I caught this breezy, entertaining story about the baby on the cover of Nirvana’s Nevermind album on All Things Considered last night. That baby is 17 now, which — as reporter Chana Joffe-Walt helpfully points out — makes me very old.
I almost feel bad for the kid — whose real name is Spencer Elden — because his over-the-top teenage ennui is permanently captured in the NPR archives. It doesn’t help that Joffe-Walt assumes a near-mockumentary tone throughout the whole piece. It really doesn’t help that Elden is nostalgic for an era that he never knew and calculatedly overwrought about it to the point of self-parody:
These days, Elden says, his peers concentrate on “playing Rock Band on Xbox, like, that’s not a real band! That’s the difference between the ’90s and kids nowadays; kids in the ’90s would actually go out and make a [real] band!”
But overall, life is good, he says. When he’s not being repressed by video games and computers, Elden blasts music — mostly techno — and carries around a big bag of angst, mostly around the fact that he is “so over” high school.
“Same people, same teachers … going to your locker, worrying about stupid girls … I wanna get something going, I wanna travel,” he says.
Andrea points out that if Elden is disappointed by doing the same thing every day, he is likely to be unimpressed with life after high school in its many forms. I was grateful that no one interviewed me on national radio when I was a teenager, but I’m mostly just impressed at how little things change: everyone wishes that they were a teenager at a different time, as if that is the precise circumstance that would make young adulthood more bearable.
You see, when Elden was being photographed in a swimming pool, I was a teenager. I think I had Nevermind on cassette. Elden is nostalgic for an idealized version of my adolescence!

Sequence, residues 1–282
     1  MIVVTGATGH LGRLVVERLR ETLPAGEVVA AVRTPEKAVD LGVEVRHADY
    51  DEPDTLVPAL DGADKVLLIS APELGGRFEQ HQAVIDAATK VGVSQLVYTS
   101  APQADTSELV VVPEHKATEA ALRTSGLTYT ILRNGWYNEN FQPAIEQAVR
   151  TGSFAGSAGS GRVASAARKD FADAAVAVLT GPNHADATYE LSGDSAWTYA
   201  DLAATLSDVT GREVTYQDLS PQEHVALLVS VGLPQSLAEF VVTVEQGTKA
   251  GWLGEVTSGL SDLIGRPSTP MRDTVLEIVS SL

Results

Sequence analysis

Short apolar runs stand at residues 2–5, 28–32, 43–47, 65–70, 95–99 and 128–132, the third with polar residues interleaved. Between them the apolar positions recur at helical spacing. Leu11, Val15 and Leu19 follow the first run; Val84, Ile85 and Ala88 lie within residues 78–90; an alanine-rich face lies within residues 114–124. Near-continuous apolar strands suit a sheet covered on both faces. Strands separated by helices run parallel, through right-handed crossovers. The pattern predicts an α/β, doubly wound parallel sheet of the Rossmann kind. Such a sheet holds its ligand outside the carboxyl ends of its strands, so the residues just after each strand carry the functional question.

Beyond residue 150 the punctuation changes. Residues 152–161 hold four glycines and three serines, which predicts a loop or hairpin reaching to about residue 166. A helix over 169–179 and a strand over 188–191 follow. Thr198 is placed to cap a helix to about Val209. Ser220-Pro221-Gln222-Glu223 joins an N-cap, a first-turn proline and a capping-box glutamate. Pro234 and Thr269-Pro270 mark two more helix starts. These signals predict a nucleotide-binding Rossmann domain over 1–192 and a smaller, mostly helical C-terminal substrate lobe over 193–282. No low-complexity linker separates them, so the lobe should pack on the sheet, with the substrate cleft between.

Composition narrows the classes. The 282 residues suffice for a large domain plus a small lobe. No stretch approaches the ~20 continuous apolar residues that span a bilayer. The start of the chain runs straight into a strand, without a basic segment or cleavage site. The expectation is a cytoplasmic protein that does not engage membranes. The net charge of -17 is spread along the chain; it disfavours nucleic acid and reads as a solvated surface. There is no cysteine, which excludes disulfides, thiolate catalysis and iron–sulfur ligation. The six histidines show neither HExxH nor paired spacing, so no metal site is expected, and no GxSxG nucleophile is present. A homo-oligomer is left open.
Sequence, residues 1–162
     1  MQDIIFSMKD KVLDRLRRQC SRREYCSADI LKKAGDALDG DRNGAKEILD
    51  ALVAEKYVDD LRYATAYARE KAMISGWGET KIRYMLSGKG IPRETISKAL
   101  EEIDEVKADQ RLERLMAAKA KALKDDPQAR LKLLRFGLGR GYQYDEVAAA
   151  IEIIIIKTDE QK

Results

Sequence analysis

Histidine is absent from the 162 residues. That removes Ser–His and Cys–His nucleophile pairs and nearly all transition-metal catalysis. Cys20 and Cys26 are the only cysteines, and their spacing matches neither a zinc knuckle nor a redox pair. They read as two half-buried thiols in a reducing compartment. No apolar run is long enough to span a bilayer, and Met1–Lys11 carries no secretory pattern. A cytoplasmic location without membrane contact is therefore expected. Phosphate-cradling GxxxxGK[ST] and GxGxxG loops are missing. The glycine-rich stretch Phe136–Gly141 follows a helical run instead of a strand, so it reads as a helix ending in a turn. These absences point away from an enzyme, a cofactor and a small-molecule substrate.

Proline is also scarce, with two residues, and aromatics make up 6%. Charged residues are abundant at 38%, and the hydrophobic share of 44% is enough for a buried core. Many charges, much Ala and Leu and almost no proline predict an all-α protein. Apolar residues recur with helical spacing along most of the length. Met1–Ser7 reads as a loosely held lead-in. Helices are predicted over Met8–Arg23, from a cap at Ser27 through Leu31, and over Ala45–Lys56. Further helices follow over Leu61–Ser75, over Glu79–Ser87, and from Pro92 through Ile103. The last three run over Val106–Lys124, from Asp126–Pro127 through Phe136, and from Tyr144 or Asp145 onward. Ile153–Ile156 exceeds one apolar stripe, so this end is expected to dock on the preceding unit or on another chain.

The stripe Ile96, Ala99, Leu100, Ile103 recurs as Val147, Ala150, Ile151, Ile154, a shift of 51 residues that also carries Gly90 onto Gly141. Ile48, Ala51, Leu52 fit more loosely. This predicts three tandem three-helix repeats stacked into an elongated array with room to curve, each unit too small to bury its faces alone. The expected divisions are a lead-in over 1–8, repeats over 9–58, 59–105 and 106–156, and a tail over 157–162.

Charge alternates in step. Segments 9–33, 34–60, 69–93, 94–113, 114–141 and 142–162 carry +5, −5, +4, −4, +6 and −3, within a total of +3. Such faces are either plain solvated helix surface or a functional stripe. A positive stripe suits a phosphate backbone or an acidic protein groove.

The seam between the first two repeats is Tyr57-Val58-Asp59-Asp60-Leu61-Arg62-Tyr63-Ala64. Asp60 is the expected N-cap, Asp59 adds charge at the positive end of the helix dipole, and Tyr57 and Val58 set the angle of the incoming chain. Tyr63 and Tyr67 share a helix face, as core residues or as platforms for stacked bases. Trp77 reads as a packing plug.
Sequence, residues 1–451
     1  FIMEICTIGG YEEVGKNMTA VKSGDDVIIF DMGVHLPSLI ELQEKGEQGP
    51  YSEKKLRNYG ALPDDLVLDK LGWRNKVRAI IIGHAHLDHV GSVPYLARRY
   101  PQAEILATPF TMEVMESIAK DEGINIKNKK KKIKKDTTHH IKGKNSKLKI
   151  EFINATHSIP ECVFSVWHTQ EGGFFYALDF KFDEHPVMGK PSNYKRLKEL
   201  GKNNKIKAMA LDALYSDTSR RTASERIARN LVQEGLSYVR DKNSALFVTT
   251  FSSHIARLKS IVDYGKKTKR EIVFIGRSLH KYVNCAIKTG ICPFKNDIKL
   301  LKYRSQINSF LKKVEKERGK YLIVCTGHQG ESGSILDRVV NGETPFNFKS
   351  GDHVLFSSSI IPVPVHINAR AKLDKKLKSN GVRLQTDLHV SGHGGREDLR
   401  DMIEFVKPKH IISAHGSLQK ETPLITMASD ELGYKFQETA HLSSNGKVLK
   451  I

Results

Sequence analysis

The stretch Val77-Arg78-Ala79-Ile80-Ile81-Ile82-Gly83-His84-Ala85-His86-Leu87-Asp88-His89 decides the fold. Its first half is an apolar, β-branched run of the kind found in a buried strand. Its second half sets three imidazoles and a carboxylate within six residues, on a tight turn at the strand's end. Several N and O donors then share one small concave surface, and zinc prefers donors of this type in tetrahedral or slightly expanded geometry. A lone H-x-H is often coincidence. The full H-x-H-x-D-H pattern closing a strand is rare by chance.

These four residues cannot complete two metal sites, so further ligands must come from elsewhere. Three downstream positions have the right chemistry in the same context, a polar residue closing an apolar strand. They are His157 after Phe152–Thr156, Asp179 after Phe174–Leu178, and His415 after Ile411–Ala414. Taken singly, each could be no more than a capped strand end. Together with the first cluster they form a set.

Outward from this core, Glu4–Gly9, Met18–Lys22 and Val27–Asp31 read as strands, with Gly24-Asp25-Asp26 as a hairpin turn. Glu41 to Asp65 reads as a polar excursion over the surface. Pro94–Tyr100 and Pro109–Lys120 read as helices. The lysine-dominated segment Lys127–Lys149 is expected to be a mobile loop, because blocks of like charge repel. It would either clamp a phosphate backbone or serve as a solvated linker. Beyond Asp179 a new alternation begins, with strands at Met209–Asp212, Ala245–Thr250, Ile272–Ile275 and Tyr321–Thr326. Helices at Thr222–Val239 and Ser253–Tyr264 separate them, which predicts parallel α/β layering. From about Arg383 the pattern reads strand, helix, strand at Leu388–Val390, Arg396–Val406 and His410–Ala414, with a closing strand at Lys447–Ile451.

I find his nostalgia wholly hilarious, since I spent an awful lot of time jumping through hoops in school, mired in tedium or trivia, and worrying about girls (some of whom, no doubt, were “stupid”). Most pointedly, when I was a teenager, I thought that everything (and especially “youth culture”) would have been better, more interesting, and more authentic had I only been seventeen years older.
Yes, my friends and I gathered our actual musical instruments and congregated in various formations in basements to make noise — but, had we access to Rock Band, we sure as hell would have played it, too. I know this because what we had instead was Jeopardy! on the Nintendo Entertainment System, which involved typing in responses (in the form of a question) with a joypad — and we played that by choice.
Instead of posting angsty rants on MySpace, we published them at Kinko’s. When I was a teenage “independent publisher,” I often spent more than half of my after-school income making photocopies. Now I spend a few dollars a month on web hosting and don’t lose money or irritate friends if I don’t accurately estimate my readership numbers every time I write something new.
When I wished that I had been a teenager a short generation earlier, part of the appeal was the prospect of being able to hear punk rock bands like the Sex Pistols or the Clash while they were still young and relevant, still performing, or still alive, depending on the group. In the Sex Pistols’ 1976 song “Anarchy in the U.K.,” Johnny Rotten snarls “I don’t know what I want, but I know how to get it.” I can think of no better single-sentence summary of the mindset of teenage angst.